As former rapper Luke Campbell continues on his campaign to become the mayor of Miami, he is unwittingly coming up against cultural tides that will affect the political future of all African-Americans. A recent mayoral debate for candidates in the Miami race was held at the publicly-funded Florida International University — but it was restricted to Spanish-speaking candidates only. The result? Only four out of the 11 people running were invited, all of Latino descent. In addition to Campbell, a second African-American candidate, Roosevelt Bradley, was kept out of the debate for racial reasons alone. Both black contenders complained of these shenanigans:
Speaking to CBS Miami, Luther Campbell – a former rap star and African American candidate for mayor – said he was appalled at what he called a ‘Cuban-only forum’.
He said: ‘The university is having a Cuban-only forum, which is wrong to the students, because the students are from all different races and all different cultures and all the students don’t speak only Spanish.’
Roosevelt Bradley, another black candidate, said he was ‘outraged’ that the publicly funded university allowed what he called a ‘polarising and divisive event’ to be held on the campus.
He said: ‘This turns the clock back 50 years on race and ethnic relations.’
The university claims it was not involved in the organization of the event, which was sponsored by Spanish language station Univision. Students of all races met this abdication of responsibility with anger at this act of discrimination. But this type of focus on the Latino community over others could be the wave of the future.
According to The Daily Mail, some analysts see this event as one of the first signs that African-Americans must face this fact — we are no longer the dominant minority. A recent report on PBS discussed explanatory trends revealed by recent census data:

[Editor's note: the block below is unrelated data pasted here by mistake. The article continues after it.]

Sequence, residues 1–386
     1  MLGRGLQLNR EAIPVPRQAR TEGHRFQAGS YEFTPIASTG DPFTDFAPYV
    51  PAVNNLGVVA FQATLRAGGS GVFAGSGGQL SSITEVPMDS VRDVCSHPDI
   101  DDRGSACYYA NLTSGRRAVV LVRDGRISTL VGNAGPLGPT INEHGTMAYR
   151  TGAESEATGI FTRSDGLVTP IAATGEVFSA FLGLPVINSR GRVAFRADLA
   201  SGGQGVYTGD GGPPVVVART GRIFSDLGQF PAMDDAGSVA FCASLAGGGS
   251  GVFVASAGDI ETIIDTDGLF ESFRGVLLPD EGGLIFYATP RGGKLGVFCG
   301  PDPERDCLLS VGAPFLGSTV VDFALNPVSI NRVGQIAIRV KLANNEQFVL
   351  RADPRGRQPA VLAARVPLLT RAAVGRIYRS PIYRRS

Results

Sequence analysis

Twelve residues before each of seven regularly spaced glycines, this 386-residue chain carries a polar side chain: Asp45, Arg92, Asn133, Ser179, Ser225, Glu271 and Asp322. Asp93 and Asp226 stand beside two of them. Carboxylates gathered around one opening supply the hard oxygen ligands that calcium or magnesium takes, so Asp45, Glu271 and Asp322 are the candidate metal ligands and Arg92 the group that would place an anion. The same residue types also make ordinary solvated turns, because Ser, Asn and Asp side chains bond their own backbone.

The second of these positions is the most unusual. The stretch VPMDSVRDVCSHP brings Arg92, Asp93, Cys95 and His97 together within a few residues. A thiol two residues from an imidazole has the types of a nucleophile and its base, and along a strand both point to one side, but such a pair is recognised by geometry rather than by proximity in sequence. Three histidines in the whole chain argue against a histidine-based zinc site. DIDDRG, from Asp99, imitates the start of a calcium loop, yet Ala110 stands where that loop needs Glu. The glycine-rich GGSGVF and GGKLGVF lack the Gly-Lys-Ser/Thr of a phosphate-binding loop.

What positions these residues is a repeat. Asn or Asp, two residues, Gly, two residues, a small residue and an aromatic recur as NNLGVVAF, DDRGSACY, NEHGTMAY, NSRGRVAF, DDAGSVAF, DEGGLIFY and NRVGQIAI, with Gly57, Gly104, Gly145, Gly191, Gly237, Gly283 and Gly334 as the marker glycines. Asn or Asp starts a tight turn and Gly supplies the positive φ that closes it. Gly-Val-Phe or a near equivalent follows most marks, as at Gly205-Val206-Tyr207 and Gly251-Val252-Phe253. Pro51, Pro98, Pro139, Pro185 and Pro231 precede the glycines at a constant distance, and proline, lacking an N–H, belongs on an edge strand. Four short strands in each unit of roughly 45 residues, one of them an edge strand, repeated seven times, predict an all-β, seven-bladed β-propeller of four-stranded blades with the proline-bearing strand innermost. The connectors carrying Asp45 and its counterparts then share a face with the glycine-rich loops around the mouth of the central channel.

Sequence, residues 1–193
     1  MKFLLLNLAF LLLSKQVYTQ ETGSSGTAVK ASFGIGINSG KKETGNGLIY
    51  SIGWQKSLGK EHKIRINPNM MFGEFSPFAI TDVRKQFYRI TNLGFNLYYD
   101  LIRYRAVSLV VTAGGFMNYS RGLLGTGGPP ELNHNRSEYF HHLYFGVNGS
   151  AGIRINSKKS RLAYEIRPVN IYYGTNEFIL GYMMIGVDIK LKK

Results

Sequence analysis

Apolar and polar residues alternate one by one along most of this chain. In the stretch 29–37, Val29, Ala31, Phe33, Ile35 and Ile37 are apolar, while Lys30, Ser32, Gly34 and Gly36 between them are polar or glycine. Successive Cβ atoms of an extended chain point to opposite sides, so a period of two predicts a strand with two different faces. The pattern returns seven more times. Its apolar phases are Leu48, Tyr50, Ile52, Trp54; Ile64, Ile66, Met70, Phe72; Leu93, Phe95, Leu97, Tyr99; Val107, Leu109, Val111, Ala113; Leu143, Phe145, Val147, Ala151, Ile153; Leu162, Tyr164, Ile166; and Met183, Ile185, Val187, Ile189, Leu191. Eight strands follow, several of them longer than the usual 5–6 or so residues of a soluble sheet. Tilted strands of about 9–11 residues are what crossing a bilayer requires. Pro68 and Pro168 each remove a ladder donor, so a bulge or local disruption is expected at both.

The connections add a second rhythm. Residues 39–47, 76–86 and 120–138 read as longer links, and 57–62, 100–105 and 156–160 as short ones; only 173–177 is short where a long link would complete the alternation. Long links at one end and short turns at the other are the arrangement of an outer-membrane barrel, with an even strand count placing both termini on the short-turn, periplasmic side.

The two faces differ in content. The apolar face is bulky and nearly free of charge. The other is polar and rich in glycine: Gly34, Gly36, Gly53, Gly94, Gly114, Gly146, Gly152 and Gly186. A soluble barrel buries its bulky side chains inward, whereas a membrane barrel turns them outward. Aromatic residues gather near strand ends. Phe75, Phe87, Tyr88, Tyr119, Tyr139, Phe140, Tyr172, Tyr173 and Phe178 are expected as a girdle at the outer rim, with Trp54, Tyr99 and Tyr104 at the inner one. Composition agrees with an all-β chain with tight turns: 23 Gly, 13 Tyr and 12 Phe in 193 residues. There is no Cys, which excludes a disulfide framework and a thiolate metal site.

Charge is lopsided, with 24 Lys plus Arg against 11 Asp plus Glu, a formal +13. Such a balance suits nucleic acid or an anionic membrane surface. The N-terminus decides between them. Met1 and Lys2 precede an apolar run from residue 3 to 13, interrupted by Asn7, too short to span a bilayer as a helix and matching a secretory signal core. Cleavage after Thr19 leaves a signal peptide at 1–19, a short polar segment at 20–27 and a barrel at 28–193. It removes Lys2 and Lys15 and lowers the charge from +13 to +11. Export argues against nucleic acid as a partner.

Latinos made up more than half of the population growth, most rapidly in the South. Today, one of every six Americans, about 50 million people, is Hispanic… Many of the cities with the largest African-American populations, including Chicago and Detroit, saw declines, as residents moved to suburbs and to the South…
As these cities depopulate of their traditional African-American constituency, we’re seeing that that culture and that that political power that they had been able to build up over the years since the great migration is now being dispersed. And that’s something that we will be observing in the next few years, as well, and decades.
What does this mean? The explosion of the Latino community nation-wide combined with the dispersion of the African-American community away from cities spells the end of our power as a unified voting block in local politics. The former Luke Skyywalker might have been dealt a discriminatory blow in the Miami race for mayor, but blacks in general might be in for a shock in the coming years. African-American candidates and constituents might consistently fail to receive the respect that we are accustomed to as a formerly commanding voting block.
The obvious solution to this issue is to learn to partner more with the Latino community in order to get our mutual needs met as people of color with many similar social perspectives. We saw the possibility of such a coalition take shape when the race-baiting “show me your papers” programs in Arizona spawned national outrage. Since then, the idea of a black-Latino coalition has largely fizzled.
Is this something you see as a possibility for us moving forward? Politics has created stranger bedfellows. If we don’t learn to work with other groups on the local level we might get left out of more political discussions, just like Luke. Giving up our identity as the most powerful minority is essential to our maintaining political power in the 21st century.
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